The paradox appears on a regular basis in the business news headlines.
Unemployment in the United States jumped to double digits in October for the first time in more than a quarter century, reaching 10.2 percent.
Yet hiring managers continue to find it difficult to fill positions requiring certain high-tech skills.
According to the latest Yoh Index of Technology Wages, a poll of more than 9,000 hiring managers in more than 15 metropolitan areas across the U.S., companies continue to struggle to find workers with Java and .Net/C+ development skills, as well as IT security engineers, network engineers, software engineers, quality assurance professionals and project managers.
And the gap between tech job openings and qualified people to fill them appears to be growing, not shrinking.
Global IT research firm International Data Corporation (IDC) and Microsoft Corp. released a study in early October 2009 that suggests the IT industry will create 5.8 million new jobs over the next four years. That projected growth rate of 3 percent a year is more than three times as fast as the growth of total employment.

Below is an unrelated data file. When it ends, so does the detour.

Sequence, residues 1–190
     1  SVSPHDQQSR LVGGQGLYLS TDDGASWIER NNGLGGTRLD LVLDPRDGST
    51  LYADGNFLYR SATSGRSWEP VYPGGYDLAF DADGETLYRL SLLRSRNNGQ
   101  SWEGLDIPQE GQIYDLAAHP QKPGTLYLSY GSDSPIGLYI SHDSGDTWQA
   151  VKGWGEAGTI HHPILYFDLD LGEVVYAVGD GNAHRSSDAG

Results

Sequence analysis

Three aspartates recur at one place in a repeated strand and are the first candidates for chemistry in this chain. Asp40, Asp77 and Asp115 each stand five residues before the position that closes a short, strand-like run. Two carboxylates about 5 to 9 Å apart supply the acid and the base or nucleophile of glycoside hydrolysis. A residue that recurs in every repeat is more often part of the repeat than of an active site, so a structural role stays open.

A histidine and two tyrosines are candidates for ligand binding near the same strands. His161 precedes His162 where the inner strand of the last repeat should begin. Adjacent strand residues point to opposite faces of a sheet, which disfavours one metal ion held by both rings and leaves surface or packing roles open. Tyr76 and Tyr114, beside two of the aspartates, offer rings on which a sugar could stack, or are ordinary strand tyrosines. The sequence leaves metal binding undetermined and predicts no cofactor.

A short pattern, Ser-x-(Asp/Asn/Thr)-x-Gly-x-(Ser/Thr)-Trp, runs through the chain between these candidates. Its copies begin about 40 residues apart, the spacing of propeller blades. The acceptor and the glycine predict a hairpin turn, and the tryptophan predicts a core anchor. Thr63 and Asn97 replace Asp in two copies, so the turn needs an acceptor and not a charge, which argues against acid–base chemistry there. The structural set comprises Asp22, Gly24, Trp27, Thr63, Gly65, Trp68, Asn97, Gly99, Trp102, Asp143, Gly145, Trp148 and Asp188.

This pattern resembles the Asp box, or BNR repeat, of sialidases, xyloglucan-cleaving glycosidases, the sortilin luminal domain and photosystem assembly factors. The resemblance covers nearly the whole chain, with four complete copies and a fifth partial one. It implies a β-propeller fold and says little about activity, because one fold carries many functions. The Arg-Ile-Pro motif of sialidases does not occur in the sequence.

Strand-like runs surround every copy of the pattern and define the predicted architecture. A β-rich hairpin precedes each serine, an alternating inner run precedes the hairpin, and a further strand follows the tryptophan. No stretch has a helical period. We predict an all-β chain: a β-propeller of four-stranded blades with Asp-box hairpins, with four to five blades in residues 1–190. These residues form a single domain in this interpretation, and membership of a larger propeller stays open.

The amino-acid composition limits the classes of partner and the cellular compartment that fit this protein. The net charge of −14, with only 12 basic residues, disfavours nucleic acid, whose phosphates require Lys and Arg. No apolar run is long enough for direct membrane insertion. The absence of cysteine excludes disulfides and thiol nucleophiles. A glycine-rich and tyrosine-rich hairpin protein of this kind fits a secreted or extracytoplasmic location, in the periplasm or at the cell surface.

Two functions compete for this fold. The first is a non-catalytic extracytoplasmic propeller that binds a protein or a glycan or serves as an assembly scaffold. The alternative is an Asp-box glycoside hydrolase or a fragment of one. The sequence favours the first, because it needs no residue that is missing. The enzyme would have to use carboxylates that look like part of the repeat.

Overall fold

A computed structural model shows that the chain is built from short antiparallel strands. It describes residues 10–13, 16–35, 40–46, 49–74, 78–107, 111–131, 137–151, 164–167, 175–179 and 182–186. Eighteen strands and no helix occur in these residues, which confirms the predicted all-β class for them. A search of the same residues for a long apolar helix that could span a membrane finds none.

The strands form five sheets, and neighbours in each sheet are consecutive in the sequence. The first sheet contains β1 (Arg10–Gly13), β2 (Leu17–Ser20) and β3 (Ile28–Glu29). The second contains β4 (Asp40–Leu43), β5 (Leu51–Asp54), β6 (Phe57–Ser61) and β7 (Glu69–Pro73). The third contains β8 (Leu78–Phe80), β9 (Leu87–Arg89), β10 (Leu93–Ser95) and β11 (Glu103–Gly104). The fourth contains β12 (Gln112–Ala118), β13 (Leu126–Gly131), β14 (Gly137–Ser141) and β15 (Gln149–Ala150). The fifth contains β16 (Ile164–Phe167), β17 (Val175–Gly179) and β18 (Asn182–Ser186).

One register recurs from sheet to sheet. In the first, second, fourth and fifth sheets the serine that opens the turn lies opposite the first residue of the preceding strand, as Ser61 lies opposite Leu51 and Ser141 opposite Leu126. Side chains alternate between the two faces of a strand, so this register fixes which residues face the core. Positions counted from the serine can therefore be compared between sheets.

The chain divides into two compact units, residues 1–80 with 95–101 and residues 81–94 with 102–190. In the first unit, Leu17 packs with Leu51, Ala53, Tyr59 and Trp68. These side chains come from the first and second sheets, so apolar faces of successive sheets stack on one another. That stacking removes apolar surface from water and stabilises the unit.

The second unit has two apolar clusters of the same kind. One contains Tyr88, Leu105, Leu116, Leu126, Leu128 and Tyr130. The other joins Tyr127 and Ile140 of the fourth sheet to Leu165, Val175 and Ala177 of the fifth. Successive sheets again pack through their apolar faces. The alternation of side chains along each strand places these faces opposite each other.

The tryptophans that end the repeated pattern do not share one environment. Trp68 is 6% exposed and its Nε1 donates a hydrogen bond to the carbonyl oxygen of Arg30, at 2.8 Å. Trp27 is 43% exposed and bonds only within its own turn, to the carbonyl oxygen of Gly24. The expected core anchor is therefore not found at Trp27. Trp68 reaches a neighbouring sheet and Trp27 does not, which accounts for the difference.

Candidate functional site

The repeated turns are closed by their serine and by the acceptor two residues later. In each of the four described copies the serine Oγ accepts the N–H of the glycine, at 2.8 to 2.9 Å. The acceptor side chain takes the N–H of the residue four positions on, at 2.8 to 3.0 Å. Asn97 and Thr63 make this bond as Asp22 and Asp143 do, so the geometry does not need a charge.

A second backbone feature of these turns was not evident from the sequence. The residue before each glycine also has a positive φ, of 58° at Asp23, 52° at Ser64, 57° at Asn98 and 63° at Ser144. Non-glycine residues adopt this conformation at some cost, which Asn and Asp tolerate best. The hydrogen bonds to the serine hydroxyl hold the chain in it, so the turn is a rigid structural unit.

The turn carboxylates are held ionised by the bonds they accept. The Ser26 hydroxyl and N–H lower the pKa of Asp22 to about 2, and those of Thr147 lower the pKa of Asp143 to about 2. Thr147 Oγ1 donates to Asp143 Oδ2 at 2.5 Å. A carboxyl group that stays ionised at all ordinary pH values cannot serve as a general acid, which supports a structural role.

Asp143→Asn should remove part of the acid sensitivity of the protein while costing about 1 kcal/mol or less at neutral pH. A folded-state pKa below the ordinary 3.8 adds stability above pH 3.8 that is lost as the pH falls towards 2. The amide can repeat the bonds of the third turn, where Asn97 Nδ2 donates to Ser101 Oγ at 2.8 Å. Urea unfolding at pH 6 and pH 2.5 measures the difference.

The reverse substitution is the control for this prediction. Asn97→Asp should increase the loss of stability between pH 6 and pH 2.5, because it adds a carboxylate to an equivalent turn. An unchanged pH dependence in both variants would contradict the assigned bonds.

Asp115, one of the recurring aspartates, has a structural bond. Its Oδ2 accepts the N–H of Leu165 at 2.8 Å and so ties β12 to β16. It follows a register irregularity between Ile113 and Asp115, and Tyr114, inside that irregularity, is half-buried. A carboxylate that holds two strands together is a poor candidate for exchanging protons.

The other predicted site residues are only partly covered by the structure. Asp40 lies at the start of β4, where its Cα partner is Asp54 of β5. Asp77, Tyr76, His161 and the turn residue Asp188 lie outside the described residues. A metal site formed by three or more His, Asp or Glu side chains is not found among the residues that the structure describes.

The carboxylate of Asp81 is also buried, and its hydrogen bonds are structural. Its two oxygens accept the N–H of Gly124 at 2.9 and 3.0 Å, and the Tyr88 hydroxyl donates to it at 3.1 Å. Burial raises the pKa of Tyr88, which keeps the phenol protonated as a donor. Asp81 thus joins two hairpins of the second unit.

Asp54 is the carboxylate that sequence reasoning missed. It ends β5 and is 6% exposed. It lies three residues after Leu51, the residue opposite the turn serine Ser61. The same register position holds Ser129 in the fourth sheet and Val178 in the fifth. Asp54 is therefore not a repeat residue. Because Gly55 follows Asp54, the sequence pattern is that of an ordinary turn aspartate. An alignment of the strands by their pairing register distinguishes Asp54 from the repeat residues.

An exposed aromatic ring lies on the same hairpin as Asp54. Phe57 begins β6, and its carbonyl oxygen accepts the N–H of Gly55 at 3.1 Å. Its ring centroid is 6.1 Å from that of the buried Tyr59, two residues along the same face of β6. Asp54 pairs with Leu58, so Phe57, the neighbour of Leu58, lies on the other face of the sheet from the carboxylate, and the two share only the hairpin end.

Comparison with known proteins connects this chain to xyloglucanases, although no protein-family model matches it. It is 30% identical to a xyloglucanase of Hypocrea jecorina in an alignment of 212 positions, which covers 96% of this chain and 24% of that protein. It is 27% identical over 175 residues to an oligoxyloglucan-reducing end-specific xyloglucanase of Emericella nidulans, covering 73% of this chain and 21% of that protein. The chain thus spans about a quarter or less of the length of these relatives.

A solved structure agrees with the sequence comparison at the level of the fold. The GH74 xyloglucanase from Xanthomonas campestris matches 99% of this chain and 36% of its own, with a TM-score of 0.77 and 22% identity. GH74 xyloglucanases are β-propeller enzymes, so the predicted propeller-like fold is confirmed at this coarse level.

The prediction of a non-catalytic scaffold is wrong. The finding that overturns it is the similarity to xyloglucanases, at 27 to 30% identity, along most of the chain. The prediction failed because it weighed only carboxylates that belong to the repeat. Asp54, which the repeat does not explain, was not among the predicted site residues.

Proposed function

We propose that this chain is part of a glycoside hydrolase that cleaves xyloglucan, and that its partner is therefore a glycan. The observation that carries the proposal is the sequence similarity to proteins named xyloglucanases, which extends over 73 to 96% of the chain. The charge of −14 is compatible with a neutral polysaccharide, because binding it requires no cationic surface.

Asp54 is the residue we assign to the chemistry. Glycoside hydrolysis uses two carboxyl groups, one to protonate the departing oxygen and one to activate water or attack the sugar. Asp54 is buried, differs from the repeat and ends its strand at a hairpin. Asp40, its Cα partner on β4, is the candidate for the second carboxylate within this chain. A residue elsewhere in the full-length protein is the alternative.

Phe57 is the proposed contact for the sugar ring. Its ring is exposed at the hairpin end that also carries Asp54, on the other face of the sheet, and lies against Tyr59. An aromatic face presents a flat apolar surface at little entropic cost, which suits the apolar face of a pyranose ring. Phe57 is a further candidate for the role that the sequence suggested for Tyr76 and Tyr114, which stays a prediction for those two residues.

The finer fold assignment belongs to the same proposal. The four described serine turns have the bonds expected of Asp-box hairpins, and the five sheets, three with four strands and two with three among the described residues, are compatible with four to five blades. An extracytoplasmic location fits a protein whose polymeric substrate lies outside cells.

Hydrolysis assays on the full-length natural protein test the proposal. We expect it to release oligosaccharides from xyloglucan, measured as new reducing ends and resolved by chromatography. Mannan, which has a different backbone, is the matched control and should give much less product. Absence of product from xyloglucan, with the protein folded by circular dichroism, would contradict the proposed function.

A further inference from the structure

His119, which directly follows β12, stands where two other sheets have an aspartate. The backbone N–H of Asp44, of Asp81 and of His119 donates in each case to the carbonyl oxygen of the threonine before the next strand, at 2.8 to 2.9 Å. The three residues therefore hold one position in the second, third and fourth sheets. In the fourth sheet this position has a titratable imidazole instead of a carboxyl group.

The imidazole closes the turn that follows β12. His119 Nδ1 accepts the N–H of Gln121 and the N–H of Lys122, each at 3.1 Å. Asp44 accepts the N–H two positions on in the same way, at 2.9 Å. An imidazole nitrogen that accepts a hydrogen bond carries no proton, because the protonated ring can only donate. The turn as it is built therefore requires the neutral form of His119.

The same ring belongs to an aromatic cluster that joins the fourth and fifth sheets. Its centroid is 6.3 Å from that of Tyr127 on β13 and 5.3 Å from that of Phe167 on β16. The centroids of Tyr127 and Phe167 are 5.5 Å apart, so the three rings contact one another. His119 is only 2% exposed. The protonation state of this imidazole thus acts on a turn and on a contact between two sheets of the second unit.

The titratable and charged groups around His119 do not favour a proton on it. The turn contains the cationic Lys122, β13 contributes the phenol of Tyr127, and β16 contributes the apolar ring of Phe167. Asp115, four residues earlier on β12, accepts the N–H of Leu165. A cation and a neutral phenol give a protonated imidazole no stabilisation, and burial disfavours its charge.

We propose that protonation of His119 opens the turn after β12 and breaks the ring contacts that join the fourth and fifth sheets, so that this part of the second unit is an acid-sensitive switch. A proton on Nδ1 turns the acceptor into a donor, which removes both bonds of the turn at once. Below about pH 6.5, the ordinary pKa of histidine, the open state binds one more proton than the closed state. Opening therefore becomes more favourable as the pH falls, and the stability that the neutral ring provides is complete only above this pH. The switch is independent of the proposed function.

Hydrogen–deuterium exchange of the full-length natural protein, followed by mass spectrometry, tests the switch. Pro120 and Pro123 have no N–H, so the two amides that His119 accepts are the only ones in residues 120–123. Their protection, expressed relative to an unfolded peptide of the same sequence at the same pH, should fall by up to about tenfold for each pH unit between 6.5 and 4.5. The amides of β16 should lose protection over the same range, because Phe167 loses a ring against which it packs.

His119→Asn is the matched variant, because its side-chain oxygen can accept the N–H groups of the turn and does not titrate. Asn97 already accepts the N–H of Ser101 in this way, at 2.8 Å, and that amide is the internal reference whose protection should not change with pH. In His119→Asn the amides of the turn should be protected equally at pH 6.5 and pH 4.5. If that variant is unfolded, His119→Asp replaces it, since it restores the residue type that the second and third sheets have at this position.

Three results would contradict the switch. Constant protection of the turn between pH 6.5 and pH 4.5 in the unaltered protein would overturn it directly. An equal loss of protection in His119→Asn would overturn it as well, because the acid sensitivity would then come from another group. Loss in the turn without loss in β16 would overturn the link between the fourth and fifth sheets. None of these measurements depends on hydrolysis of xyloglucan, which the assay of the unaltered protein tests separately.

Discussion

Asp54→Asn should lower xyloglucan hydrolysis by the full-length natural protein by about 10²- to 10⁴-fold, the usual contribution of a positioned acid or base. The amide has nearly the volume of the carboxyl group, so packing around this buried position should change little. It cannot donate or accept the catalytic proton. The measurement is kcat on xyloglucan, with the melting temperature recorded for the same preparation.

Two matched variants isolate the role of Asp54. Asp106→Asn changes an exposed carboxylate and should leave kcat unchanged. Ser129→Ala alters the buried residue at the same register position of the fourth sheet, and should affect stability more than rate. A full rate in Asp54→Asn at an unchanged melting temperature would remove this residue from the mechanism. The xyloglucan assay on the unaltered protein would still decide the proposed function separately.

Now for paradox two.
Young people today are the most tech-savvy generation ever. Yet many continue to shun careers in high tech, even at a time when 21st-century employers desperately need new workers with technology skills.
Connecting these two groups is the challenge that will define the future. It’s a challenge that must be addressed with new solutions.
Strata Rolls Out
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